Well. That was the headline. But in truth I suspect this is not just a Durban phenomenon.
I've noticed increasing pest problems as a trend for many years. My observations and the reports that led to the story in the first place are, however, anecdotal. I'm not aware of a particular study that has scientifically measured and tracked this. Some of it is good news. Some a bit of a challenge. There are a number of contributing factors.
Long lasting pesticides have steadily been removed from the market. DDT, Dieldrin, Aldrin and Chlordane in particular had renowned long-lasting effects. In older areas where properties have been treated at some time in the past, there was/is some residual effect that is still gradually wearing off. Bit by bit, these products are losing their effect to the point where insect populations have an ever-increasing potential to grow.
Globally, there has been a steady trend towards pesticides with ever-shorter persistence. The ideal pesticide does its job and then breaks down to something harmless. This is good for the environment, but increases the frequency of application to manage pest populations as compared to the older more persistent products. In residential situations and on average, we are using shorter life products, but not increasing the frequency of treatments.
A similar trend to pesticide persistence is also being seen in pesticide safety. We want safer, more environmentally friendly products. This is largely achieved with products that have less overall toxicity, although there are still some exceptions. Some insecticides do have a high insecticidal effect but are very safe for mammals.
However, in general terms, we are using less toxic products. To achieve the same result as the older products requires more technical skill. Not only are we seeing do-it-yourself enthusiasts failing to work on increased skills and understanding (no real surprise there), we see some of this amongst older pest management professionals who are either too set in their ways, or too proud to recognise the need to update their skills and knowledge.
It should be noted that poor application of a milder, safer product can actually aggravate pest populations over the medium term. Nature tends to defend itself. With ants in particular, failure to get sufficient active ingredient to the nest, the ultimate source of the problem, will lead to increased worker production, more reproductives and budding - a phenomenon where the colony splits to form multiple colonies. These are defense mechanisms against a high forager loss rate, but where the colony is not being eliminated.
Poor application of milder products also increases the potential for the development of resistance to the pesticide.
Improved pest species targeting.
Products and techniques are reducing the effect of pesticide application on non-target species. As example, the old way of treating for cockroaches also went a long way to reducing ant problems. Modern treatment methods can be highly effective against cockroaches whilst having a near-zero impact on ants.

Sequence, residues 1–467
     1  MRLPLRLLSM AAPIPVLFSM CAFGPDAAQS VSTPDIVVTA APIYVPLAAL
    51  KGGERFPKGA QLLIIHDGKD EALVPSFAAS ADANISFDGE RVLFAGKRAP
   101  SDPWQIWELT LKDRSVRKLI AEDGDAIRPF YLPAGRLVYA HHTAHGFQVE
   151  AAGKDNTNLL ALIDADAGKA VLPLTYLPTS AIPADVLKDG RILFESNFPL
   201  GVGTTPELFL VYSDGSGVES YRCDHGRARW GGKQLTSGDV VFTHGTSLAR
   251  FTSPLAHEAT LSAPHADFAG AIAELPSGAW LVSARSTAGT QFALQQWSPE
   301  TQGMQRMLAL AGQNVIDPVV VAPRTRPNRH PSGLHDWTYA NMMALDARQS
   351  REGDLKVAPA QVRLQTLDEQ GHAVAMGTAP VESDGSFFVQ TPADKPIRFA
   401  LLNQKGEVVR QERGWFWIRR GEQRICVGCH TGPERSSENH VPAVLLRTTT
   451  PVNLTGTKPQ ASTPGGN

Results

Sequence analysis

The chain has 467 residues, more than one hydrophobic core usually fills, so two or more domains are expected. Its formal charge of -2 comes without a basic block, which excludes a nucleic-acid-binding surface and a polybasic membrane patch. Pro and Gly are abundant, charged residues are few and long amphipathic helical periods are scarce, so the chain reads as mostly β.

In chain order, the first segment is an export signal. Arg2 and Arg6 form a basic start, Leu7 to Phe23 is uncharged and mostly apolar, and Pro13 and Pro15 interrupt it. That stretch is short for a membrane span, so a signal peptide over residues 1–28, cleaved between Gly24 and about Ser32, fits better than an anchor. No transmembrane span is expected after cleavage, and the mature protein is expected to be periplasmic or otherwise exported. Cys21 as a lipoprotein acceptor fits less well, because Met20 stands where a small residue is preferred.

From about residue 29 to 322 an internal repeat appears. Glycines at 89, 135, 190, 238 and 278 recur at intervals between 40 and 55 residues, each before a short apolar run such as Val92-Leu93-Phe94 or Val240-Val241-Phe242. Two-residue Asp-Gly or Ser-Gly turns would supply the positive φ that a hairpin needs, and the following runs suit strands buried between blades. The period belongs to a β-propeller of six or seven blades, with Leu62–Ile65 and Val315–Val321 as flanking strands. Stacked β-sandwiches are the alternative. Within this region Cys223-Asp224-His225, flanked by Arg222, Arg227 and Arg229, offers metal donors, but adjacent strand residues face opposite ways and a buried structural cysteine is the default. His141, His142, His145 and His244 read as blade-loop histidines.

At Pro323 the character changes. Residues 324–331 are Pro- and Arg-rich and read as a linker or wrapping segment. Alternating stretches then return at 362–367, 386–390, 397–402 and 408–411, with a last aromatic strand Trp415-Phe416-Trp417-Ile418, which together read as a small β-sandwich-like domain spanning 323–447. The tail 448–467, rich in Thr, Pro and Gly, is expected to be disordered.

Continued improvements in chitin inhibitors in particular hold out the potential of targeting particular species - there are already products that are pretty specific down to the family level.
Suburbia has expanding massively, growing into areas without a history of pest management, at least not the types that affect homeowners.
Inner city decay.
This is applicable to particularly older high density living structures. They weren't designed that well from a pest management point of view in the first place. There was no need as the older products could manage the associated pest problems. The situation is aggravated by a noticeable drop in sanitation standards and aging plumbing which introduces water and accumulated organic matter.
What may be deemed a suitable pesticide in a particular situation is something of a balancing act. In very simple terms, you have to balance the harm the pest is doing against the harm the pesticide may cause. This means that many pesticides are not relevant in some highly influential areas such as Europe or North America, but extremely relevant elsewhere, particularly tropical zones.
Western nations have had a series of reviews as to what pesticides are relevant to them. The discontinuation of a particular product in these nations has a considerable impact on global perception of the product and, perhaps more critically, production viability. Manufacture of some products have been discontinued globally based on decisions made in the western nations.
Climate change will have an effect. Tracking long term changes in insect behaviour could prove a useful indicator. However, whilst we need to keep an eye on this as it would impact pest management practices, I don't consider the effects of global warming as a major contributor to the general observed trend.
There are two particular contributing factors to this.
New generation products are the result of improved (and costly) applied science. New products are very expensive to develop, leading to ever more expensive available products as cheaper, old generation products are discontinued.
Add the increasing need for high technical skill and a regulatory environment that is increasingly requiring application by pest management professionals only, and the cost to client is escalating. This is not a major issue in areas with residents having high disposable incomes, but for areas with low disposable income, pest management is a pretty low priority against more pressing demands such as food, shelter, clothing and (dare I say it) cell phones.